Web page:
If you're looking to get away from the typical touristy Hawaii, Haiku is an ideal base for a stay in Maui. Located on the North Shore, about 20 minutes from the airport in Kahului, it's a central location if you want to include Hana and Haleakala as well as beaches in your holiday.

Haiku is a tiny, quiet town hidden in the jungle: your first trip there should be in daylight, or you might miss it entirely! But this is where you meet the real Hawaii. Accomodations here are B&Bs or vacation rentals, generally run for love, not money. Your host will likely be an excellent resource for planning activities and recommending restaurants. 

Visit the Pauwela Cafe, where the locals have their own seats against the wall to watch the comings and goings. Everyone is friendly and helpful, and you can pick bananas and avocados off the trees on your way home. The Pauwela Cafe is on W Kuiaha Rd, along with a couple of boutique stores.

The main town centre is at the intersection of Haiku Rd and Kokomo Rd. It doesn't look like much, but there are a number of surprisingly good restaurants here, along with a hard-core bike shop (for insane people who want to cycle up Haleakala).

The larger, slightly more touristy (but very quaint and fun) town of Paia is ten minutes away. Paia has lots of good restaurants and cafes, and a great specialty foods store, but for serious groceries you need to head into Kahului or even Kihei.

The beaches near Haiku are for surfing, windsurfing and kitesurfing, and not for beginners, either, but it's worth going to Ho'okipa Beach just to watch the experts. Baldwin Beach on a calm day is good for boogie boarding, and if you go to the far west end of it there's a protected bit where kids can go in the water, but otherwise you'll need to drive 45 min into Kihei to find a family beach or go snorkeling (but it's a perfectly doable day trip).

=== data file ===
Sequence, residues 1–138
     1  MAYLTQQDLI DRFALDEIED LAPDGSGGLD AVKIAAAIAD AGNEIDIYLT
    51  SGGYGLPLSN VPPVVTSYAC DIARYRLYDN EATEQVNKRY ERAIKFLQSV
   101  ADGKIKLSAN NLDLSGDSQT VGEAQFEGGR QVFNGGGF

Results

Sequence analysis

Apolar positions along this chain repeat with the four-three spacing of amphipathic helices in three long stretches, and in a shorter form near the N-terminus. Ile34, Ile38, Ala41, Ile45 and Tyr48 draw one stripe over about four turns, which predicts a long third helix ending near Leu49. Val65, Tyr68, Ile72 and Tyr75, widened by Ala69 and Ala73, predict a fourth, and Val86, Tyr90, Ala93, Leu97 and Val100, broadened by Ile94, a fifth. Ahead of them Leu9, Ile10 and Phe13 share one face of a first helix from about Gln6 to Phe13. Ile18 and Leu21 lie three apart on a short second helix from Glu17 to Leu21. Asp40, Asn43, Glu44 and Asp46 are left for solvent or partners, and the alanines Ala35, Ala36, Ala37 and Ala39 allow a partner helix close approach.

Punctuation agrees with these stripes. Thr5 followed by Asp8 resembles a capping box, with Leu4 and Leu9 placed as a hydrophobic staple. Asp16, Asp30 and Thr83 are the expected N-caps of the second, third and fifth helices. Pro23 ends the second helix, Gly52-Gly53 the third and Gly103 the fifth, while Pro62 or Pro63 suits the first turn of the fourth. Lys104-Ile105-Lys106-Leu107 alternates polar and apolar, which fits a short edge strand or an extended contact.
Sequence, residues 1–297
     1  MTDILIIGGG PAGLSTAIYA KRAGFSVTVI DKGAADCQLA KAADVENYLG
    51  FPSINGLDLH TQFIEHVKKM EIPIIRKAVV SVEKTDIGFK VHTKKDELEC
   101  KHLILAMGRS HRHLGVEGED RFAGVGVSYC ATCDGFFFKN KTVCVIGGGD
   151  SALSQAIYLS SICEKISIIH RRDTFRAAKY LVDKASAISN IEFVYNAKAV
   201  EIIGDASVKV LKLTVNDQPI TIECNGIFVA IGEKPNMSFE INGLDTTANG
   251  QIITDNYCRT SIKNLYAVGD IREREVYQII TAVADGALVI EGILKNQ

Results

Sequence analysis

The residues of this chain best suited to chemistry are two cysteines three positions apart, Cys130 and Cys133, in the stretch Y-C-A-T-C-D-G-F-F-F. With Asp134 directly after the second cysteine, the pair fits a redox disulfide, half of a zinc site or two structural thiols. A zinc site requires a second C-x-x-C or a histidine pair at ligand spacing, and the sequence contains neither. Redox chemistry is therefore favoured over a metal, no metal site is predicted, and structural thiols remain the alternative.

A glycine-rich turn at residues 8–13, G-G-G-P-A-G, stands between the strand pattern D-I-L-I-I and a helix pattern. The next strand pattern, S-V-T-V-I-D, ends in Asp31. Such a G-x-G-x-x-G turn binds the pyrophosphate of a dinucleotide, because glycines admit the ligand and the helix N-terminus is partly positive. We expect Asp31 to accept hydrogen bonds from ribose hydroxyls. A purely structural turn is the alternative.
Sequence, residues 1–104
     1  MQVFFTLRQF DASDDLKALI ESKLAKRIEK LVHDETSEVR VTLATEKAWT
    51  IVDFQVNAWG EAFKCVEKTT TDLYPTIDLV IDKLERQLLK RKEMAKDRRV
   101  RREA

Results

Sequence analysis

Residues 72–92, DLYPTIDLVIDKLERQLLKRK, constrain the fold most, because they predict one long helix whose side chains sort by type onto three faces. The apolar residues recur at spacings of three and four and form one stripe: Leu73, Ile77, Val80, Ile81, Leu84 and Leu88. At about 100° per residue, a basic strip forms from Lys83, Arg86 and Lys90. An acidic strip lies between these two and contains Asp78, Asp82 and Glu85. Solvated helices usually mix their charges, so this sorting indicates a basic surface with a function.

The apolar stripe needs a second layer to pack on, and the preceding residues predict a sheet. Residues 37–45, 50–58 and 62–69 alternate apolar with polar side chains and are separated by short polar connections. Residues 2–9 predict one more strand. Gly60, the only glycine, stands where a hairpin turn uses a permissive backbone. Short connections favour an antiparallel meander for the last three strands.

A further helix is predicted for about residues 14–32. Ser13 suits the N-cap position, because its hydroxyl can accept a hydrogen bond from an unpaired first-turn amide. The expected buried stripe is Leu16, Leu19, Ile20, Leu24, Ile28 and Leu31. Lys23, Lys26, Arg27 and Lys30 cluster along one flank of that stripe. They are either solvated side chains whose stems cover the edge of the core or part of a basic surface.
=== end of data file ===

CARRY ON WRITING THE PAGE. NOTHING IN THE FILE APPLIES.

The famous road to Hana is everything they say it is, and starting from Haiku is necessary if you want to try to do it all in one day. Note that food options in Hana are limited, so you might want to bring a picnic lunch (and there are places in Paia that will supply one for you).

There's a shortcut from Haiku to the Haleakala Highway, if you can get a local to tell you how to get there; otherwise you can go to Paia and start from there; it's about an hour and a half to get up to the top (by car: takes a bit longer on a bike!) If you just want to lie on the beach, then don't stay in Haiku, but if you like adventure and prefer to be off the beaten track, you'll definitely like it here.